Warning that smugglers may now be “broadening” a death trap for migrants and refugees that could stretch from the Mediterranean to the vast Sahara Desert, the United Nations refugee agency has reiterated its call for safe pathways so that those in desperate need of international protection do not lose their lives.
The alarm has been raised by the Office of the UN High Commissioner for Refugees (UNHCR) as some 44 migrants and refugees – including women and children – are reported to have succumbed to extreme dehydration when the truck they were travelling in (to Libya) broke down in the desert in northern Niger, exposing them to extreme heat and lack of drinking water.
Only six could be saved.
“It is quite clear that human smugglers will go to any extent to exploit desperate refugees and migrants,” said the UN agency in a news release today.
“These shocking deaths are part of the bigger picture of exploitation as smugglers broaden the death trap from the Mediterranean to the Sahara Desert.”
Further, according to the UN International Organization for Migration (IOM), the Niger to Libya route is the one most sub-Saharan African migrants take when trying to reach Europe via the Mediterranean Sea.
Each week, thousands of desperate migrants are crammed into pick-up trucks for the days-long ride, often with only enough room for a few litres of water attempting to cross one of most inhospitable and deadliest places on the planet.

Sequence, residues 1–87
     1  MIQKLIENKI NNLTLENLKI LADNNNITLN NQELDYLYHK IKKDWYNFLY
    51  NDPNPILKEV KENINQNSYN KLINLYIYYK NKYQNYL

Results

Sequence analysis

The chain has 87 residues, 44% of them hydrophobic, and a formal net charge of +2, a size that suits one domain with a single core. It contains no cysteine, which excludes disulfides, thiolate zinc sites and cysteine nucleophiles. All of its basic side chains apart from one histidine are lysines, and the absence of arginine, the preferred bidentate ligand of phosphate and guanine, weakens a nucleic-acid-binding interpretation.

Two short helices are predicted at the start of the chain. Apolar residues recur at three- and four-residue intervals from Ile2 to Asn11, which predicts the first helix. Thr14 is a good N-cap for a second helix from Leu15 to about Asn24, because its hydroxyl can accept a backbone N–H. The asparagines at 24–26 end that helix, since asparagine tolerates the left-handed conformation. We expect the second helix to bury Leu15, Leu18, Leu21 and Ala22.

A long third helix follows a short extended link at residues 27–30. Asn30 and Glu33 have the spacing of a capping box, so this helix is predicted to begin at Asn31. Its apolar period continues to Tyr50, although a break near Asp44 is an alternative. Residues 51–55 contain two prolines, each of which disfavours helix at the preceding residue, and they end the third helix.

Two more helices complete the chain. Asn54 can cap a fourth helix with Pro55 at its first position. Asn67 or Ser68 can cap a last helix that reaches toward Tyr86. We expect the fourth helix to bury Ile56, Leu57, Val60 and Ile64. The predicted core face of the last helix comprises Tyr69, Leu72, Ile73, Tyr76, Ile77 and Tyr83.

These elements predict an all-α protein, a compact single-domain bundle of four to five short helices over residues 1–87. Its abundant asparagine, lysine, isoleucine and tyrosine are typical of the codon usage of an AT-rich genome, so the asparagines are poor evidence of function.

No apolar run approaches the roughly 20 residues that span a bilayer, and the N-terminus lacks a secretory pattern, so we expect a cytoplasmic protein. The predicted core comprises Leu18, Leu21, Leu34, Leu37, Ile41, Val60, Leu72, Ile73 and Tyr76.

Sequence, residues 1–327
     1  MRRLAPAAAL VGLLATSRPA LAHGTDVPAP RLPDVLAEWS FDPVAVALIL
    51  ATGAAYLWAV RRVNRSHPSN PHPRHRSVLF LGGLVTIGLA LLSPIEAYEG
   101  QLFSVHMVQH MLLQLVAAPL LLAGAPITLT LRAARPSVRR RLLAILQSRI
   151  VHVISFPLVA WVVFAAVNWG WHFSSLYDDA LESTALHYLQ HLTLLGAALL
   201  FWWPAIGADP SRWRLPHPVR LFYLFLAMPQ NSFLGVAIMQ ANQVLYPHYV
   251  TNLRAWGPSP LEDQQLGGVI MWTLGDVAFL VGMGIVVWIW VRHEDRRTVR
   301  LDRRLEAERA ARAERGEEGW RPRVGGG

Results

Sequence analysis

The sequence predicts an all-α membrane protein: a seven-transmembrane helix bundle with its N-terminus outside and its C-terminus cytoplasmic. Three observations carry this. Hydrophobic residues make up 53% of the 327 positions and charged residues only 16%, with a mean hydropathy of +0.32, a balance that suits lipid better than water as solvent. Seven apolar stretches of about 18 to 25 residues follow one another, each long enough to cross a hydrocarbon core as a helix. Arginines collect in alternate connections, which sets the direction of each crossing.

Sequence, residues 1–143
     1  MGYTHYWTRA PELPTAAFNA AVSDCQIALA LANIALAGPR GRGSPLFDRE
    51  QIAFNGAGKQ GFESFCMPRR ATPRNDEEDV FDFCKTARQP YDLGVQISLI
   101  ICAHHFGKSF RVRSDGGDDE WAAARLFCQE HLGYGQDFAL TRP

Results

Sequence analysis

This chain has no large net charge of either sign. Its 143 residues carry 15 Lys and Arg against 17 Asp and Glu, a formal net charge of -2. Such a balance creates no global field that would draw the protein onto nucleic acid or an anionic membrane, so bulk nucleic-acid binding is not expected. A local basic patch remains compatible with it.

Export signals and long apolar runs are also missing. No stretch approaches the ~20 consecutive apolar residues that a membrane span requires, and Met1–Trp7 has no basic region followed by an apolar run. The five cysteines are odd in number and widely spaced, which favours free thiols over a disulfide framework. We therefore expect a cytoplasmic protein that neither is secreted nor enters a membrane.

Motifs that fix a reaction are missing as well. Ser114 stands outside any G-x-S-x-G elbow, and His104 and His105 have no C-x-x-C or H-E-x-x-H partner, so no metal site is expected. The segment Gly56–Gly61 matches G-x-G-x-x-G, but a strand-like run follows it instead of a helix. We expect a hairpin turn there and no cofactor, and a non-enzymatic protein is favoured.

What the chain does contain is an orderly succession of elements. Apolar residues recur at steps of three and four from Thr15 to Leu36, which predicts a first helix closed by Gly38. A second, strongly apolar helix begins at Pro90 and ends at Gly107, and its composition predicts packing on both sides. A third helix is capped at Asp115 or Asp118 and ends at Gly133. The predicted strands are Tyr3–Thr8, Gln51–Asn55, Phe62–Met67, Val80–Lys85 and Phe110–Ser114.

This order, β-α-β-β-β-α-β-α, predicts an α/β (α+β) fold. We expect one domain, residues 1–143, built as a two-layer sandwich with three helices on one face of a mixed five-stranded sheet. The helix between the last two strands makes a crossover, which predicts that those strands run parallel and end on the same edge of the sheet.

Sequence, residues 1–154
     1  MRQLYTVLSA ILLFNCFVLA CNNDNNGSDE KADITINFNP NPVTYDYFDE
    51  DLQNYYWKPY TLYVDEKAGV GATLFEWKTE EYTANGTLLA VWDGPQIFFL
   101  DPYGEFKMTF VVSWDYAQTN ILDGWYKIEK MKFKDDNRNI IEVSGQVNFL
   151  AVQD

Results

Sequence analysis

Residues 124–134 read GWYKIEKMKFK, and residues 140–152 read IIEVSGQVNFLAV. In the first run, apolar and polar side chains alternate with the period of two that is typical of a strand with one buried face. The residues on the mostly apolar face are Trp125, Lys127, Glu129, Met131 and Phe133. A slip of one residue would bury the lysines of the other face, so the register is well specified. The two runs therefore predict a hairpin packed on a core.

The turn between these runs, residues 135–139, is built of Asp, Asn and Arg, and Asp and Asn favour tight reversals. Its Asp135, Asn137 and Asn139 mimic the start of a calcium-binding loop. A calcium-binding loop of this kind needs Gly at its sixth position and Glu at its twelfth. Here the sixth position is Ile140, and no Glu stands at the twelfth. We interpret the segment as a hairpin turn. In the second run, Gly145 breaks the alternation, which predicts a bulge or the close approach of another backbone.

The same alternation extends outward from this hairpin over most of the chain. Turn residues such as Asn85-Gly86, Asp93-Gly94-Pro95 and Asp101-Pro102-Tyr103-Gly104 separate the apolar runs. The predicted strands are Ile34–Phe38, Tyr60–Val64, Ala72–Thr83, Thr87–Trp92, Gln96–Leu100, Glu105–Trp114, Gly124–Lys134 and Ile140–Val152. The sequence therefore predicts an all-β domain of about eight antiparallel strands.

“The migrants are often lied to and cheated on their way [and] smugglers usually run away with their money, [leaving them] in the middle of nowhere, in a country they don’t know, trying to gain enough money to either continue the route or go back home,” said Guiseppe Loprete, the head of IOM operations in Niger.
Both IOM and UNHCR have been working to support refugees and migrants in the region, as well as warning them of the perils of the desert and sea journeys but operations remain constrained in the want of additional resources.
The UN refugee agency is currently in need of $75.5 million to meet the increased humanitarian and protection needs of people in Libya – including those internally displaced, host communities, as well as refugees and asylum seekers.
The appeal includes protection monitoring and interventions, as well as advocacy on issues related to respect for human rights, access to basic services, asylum procedures and freedom of movement.
Additional resources are also required in Niger, Burkina Faso, Mali and Chad to help prevent and respond to risks associated with such deadly journeys.
According to estimates, so far this year, the perilous Mediterranean crossing has claimed more than 1,700 lives.
“This latest tragedy was a grim reminder that probably more migrants die in the Sahara desert than in the Mediterranean, but due to the inhospitable nature of the region, it was virtually impossible to know the exact number,” said Mr. Loprete.